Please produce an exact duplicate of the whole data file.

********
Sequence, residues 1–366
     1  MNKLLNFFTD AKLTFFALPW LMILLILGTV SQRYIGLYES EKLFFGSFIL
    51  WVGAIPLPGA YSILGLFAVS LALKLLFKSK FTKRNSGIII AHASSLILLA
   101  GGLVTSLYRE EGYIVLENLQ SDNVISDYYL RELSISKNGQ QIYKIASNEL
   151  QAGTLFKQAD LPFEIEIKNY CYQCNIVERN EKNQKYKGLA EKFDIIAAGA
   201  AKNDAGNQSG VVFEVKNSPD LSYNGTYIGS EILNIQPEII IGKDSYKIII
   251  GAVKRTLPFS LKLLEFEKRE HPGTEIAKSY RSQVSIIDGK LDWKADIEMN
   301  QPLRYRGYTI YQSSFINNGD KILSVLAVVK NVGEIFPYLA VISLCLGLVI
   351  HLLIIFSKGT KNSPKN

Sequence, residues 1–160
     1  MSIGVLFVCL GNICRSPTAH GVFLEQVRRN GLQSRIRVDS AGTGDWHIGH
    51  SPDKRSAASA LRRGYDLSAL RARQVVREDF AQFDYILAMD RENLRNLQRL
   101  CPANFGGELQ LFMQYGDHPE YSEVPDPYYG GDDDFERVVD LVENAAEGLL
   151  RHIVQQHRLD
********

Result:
Sequence, residues 1–366
     1  MNKLLNFFTD AKLTFFALPW LMILLILGTV SQRYIGLYES EKLFFGSFIL
    51  WVGAIPLPGA YSILGLFAVS LALKLLFKSK FTKRNSGIII AHASSLILLA
   101  GGLVTSLYRE EGYIVLENLQ SDNVISDYYL RELSISKNGQ QIYKIASNEL
   151  QAGTLFKQAD LPFEIEIKNY CYQCNIVERN EKNQKYKGLA EKFDIIAAGA
   201  AKNDAGNQSG VVFEVKNSPD LSYNGTYIGS EILNIQPEII IGKDSYKIII
   251  GAVKRTLPFS LKLLEFEKRE HPGTEIAKSY RSQVSIIDGK LDWKADIEMN
   301  QPLRYRGYTI YQSSFINNGD KILSVLAVVK NVGEIFPYLA VISLCLGLVI
   351  HLLIIFSKGT KNSPKN

Sequence, residues 1–160
     1  MSIGVLFVCL GNICRSPTAH GVFLEQVRRN GLQSRIRVDS AGTGDWHIGH
    51  SPDKRSAASA LRRGYDLSAL RARQVVREDF AQFDYILAMD RENLRNLQRL
   101  CPANFGGELQ LFMQYGDHPE YSEVPDPYYG GDDDFERVVD LVENAAEGLL
   151  RHIVQQHRLD